While Racine’s study aligns with Williams’ understanding of how social support influences resiliency in the face of adversity, it’s important to note that she surveyed women in Calgary, with a population that is 82 percent white, with the other 18 percent spread widely across other racial and ethnic groups. Because so few of the women she surveyed were racially and ethnically diverse, we can’t draw clear conclusions based on race within this particular study.

Another question underlying this research is whether systemic interventions that increase social support would have the same results. The existing research “really looks at naturally occurring support,” Williams said. “I think it’s actually a different question of whether we can manipulate the degree of support.”

For example, a study might take a group of people who reported experiencing ACEs and low social support, divide the group into two, and enroll half in a program focused on increasing social support, such as peer counseling or a program designed to develop supportive friendships between participants. Then researchers could compare the two groups to see if the outcomes were different, which would allow for conclusions about the role of this kind of social support.

It’s important to parse out this distinction because the findings could shape what kind of larger systemic interventions public health professionals might take on to address this problem beyond the individual level.

Ellis feels strongly about taking a systemic approach to reducing the impact of adversity, which is partially born from her own personal experiences as a Black woman. “I have an extremely high ACE score,” Ellis said. “I know a lot about resilience from the multiple supports at the family level and community level. [I had] access to quality public schools, affordable after-school activities, a strong faith community. My family also had a lot of family as well as community supports. All of those things we know can contribute and offset that exposure. All of these things were in place.”

Ellis, after starting out in journalism, decided to shift to public health because she wanted to have a greater impact on the well-being of children. Ellis and her team at the Building Community Resilience Collaborative have developed a model they call the “Pair of ACEs” to illustrate how the environment also contributes to adversity for individuals. They work with programs around the country that try to “fix the machine” by connecting “community organizations (through a church health ministry or trusted food pantry, for example) with larger systems (including those in health care, education, business, law enforcement) [to] begin to build a durable network to improve community well-being.”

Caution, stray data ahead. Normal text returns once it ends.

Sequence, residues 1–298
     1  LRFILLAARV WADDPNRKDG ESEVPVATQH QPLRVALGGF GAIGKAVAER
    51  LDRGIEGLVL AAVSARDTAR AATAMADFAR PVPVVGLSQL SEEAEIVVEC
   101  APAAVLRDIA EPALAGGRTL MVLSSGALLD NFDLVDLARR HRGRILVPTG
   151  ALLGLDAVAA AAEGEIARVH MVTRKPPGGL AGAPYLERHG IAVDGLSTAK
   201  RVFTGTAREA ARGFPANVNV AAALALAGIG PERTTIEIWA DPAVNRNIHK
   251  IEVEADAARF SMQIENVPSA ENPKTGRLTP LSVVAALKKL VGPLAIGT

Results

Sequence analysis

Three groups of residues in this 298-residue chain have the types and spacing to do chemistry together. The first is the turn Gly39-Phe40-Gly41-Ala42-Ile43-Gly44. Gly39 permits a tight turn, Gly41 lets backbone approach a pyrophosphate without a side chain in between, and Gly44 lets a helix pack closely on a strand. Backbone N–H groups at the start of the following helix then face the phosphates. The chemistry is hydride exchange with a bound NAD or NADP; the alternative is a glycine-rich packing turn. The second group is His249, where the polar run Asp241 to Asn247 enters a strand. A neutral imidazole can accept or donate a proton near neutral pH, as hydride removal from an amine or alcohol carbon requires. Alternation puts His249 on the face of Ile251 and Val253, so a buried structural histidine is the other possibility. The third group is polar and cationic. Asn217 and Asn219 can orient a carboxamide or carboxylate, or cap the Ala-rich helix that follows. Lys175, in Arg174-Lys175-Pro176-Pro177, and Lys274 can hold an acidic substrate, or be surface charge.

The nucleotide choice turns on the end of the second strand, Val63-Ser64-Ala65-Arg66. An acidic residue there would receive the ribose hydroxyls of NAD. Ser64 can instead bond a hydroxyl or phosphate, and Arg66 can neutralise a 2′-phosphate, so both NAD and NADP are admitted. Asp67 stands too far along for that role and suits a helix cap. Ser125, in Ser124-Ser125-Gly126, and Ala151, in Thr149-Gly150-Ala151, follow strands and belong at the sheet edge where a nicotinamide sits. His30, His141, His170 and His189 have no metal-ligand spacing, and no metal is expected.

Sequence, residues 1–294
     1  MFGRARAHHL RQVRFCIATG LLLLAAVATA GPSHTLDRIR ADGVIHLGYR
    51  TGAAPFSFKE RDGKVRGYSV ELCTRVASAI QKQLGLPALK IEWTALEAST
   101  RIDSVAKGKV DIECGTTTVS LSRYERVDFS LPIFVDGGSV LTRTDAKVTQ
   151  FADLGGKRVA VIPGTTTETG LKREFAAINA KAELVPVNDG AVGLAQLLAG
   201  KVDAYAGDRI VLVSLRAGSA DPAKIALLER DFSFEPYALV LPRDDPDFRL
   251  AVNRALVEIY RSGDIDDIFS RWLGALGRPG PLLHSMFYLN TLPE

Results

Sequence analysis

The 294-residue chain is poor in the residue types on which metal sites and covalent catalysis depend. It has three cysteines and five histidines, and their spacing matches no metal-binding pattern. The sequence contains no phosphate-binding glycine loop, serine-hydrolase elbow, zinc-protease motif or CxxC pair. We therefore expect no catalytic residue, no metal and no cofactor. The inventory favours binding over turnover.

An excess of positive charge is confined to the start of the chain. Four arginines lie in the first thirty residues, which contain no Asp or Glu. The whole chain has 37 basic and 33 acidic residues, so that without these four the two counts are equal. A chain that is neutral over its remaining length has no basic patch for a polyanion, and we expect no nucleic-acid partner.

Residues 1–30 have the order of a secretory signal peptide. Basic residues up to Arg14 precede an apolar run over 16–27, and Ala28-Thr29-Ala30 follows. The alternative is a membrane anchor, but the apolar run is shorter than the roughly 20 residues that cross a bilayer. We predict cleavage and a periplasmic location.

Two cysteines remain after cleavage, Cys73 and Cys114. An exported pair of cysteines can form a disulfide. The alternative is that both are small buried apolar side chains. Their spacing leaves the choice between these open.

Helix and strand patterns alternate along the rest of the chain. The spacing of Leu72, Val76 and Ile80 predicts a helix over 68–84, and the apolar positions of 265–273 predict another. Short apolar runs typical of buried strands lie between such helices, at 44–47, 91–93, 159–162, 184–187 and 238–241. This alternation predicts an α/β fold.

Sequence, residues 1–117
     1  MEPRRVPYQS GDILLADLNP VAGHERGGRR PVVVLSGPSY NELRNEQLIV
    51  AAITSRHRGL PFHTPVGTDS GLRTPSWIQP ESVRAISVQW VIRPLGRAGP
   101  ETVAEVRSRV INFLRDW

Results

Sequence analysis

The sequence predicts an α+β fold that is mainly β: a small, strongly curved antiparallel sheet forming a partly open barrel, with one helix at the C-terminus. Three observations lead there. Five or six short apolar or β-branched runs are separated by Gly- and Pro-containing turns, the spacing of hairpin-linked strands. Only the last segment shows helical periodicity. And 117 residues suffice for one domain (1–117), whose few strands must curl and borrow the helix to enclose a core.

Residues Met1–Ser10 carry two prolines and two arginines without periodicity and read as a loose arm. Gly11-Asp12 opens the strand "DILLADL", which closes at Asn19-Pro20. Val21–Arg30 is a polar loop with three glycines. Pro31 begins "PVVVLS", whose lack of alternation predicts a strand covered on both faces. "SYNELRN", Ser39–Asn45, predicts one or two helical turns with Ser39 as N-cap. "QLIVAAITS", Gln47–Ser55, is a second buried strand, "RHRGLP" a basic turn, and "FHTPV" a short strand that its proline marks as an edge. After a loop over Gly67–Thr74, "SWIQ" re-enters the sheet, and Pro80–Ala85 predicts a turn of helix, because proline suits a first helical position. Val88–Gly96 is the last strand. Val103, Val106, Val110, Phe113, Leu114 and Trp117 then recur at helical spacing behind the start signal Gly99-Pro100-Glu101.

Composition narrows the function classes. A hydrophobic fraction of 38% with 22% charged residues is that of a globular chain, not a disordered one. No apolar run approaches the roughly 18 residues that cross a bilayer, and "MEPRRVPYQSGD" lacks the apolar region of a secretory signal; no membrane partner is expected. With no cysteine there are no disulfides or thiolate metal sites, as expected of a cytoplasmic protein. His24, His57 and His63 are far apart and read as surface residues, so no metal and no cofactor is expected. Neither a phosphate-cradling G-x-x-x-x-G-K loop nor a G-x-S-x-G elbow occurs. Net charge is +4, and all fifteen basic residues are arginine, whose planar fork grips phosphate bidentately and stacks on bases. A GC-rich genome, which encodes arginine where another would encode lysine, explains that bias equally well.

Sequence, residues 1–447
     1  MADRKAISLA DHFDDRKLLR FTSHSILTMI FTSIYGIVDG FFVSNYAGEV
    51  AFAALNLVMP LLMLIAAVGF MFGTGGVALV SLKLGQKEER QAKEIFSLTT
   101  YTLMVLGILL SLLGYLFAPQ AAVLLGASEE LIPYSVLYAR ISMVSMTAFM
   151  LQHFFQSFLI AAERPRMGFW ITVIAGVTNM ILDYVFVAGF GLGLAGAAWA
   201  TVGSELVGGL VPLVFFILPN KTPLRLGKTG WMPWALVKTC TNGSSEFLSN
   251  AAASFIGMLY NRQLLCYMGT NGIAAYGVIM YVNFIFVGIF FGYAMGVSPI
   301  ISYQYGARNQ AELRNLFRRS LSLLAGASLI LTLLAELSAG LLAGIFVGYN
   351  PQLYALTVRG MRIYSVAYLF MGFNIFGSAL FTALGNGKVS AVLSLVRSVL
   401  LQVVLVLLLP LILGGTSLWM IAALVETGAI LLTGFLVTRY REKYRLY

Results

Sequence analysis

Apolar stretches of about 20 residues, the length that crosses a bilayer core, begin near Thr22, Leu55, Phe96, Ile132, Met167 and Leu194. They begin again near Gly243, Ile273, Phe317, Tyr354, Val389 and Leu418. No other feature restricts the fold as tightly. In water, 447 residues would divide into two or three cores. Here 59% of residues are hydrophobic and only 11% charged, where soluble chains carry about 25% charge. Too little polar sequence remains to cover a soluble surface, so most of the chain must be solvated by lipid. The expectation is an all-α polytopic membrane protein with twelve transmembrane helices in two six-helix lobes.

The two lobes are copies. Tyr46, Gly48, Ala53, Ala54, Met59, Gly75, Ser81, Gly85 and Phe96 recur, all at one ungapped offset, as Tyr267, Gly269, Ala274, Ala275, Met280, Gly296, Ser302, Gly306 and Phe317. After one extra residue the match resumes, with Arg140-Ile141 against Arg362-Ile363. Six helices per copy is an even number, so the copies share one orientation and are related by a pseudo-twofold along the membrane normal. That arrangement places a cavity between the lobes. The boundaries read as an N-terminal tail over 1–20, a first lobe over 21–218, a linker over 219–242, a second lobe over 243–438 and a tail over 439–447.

One such program is a school-based model in Portland, Oregon, called 3 to PhD. That program centers the Faubion School, which Ellis said was “one of the area’s underperforming schools and in an area that had one of the highest concentrations of poverty. Ninety percent of the children were eligible for free and reduced lunch.”

While Portland has a reputation of being very white, Ellis explained that this school has a “large portion of Latino and African American students.” The pre-K through eighth-grade school built a partnership with nearby Concordia University and introduced a number of new services and programs for their students.

First, the university began “co-locating some of their college courses, and doing their practicums through the Faubion School,” Ellis said. They also added a wellness center as well as a pantry inside the school where parents can use SNAP benefits or pay by cash or credit card. “They are providing access to nutrient-dense food not available in the neighborhood,” Ellis said. The approach to teaching also has shifted to a “trauma-informed” model. A YouTube video about the program put out by Ellis’ team explains: “Instead of asking what is wrong with you, we seek to understand what has happened to you.”

“The school itself can’t change everything that is happening around [the students],” Ellis said. “But they can provide a healthy environment.”